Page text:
Formative assessment is not a new concept, and any teacher that adjusts his or her teaching during instruction on the basis of evidence of student understanding and performance is employing formative assessment. Most teachers would agree that formative assessment is very important, but how does one accurately assess student comprehension and performance during a class session? Over the years a variety of techniques have been employed, the most basic of which is “a show of hands”. However, although an entire class may raise their hands in response to a teacher question, it is impossible to assess individual understandings because only one student speaks at a time.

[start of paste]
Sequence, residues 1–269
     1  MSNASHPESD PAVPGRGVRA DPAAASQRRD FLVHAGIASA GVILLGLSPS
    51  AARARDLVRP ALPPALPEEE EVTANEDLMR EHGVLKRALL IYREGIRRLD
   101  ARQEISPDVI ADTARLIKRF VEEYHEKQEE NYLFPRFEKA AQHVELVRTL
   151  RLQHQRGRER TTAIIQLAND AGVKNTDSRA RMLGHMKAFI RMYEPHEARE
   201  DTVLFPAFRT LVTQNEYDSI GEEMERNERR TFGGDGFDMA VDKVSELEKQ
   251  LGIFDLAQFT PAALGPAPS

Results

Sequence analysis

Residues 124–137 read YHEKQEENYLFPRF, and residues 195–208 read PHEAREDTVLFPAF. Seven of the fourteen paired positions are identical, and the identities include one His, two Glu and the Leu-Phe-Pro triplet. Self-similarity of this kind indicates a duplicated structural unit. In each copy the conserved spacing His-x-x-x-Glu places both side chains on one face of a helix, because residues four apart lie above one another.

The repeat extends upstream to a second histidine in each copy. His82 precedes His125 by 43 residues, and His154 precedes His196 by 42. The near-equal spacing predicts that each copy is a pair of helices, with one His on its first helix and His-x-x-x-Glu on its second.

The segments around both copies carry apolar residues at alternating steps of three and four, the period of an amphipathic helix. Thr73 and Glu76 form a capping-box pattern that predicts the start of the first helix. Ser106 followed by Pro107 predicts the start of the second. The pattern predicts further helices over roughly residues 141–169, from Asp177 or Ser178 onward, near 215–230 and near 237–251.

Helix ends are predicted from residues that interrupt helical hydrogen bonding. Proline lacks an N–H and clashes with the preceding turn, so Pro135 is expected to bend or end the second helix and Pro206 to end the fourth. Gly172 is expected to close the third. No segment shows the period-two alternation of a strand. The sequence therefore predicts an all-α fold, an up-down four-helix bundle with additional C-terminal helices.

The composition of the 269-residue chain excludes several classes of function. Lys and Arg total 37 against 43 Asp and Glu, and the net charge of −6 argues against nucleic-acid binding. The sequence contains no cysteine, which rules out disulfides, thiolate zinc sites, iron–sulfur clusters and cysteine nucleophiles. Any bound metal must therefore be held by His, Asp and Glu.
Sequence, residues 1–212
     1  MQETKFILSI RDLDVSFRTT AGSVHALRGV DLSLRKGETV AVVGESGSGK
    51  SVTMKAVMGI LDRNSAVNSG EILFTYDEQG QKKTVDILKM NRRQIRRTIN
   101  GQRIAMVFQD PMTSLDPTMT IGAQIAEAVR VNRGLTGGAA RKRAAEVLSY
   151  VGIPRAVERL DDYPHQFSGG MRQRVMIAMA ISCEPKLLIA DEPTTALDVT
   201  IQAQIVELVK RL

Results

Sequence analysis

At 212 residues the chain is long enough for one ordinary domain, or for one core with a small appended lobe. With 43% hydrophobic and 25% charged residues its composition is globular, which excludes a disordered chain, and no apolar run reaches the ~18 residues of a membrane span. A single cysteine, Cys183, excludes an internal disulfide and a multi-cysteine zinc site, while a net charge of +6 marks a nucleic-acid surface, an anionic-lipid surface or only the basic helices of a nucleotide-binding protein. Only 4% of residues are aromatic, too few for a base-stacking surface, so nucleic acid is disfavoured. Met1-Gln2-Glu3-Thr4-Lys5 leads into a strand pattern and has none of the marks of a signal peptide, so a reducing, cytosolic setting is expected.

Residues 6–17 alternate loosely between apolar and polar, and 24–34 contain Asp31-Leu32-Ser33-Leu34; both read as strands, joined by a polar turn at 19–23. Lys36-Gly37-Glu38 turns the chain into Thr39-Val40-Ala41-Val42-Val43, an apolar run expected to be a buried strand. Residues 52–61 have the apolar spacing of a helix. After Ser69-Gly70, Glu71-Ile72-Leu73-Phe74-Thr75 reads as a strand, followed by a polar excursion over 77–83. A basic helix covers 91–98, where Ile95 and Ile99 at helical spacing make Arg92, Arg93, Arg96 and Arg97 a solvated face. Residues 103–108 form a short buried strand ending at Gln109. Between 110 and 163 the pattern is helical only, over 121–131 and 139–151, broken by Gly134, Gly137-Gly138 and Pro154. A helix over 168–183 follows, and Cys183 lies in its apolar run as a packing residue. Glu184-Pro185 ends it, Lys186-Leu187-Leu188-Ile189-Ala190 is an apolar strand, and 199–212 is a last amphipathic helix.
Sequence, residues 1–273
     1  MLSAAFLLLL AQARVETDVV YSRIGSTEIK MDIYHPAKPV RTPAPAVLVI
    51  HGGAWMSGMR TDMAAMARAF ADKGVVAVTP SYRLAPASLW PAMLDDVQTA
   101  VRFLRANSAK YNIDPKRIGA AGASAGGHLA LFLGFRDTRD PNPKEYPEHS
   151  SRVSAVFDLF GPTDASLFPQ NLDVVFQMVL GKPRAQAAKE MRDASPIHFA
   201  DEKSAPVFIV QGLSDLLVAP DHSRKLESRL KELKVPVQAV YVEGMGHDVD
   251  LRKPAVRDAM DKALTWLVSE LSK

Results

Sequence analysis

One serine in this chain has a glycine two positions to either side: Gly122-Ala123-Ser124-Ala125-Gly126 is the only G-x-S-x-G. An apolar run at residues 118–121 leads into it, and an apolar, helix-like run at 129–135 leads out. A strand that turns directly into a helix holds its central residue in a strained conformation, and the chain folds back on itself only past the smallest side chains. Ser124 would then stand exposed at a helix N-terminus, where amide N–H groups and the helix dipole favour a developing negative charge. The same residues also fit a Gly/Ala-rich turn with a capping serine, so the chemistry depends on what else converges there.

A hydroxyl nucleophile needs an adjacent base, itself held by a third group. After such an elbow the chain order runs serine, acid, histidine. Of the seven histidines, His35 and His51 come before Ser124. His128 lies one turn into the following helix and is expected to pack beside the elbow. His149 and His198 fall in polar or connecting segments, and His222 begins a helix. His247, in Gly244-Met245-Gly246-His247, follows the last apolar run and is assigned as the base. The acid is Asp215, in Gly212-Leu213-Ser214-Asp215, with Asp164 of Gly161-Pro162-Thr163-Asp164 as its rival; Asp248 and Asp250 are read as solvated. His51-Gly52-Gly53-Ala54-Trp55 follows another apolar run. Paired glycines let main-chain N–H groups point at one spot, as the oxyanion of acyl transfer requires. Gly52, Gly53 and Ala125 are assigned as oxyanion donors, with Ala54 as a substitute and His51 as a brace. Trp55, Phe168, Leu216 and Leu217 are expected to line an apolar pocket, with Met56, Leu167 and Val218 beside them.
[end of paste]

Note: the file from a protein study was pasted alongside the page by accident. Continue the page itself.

Educators have adopted a variety of techniques to perform formative assessments. A group of physics educators introduced the modeling method for physics instruction in which students diagram physics problems on miniature whiteboards and hold them up for their teacher and peers to critique (Wells et. Al, 1995). Others advocate quick-writes (Rief, 2002; Clidas, 2010), science notebooks (Clidas, 2010; Roberson, 2010), and the use of audience response systems (Kay et. Al., 2009). All these techniques have their merits and provide opportunities for teachers to check for understanding and adjust their instruction accordingly, but all have significant limitations. The modeling technique is excellent, but once students erase their boards, the record of their understanding vanishes. Quick-writes and science notebooks provide a log of student understanding and performance, but it is not possible for teachers to see all quick-writes or notebooks as they are written, and therefore any adjustment to instruction is postponed until the subsequent day. Audience response systems have the advantage of providing immediate feedback, but student input is generally limited to true/false and multiple-choice responses. If teachers are to adjust instruction to meet student needs, they must collect and analyze student responses as they are made. Fortunately, synchronous collaborative documents provide opportunity to do just that.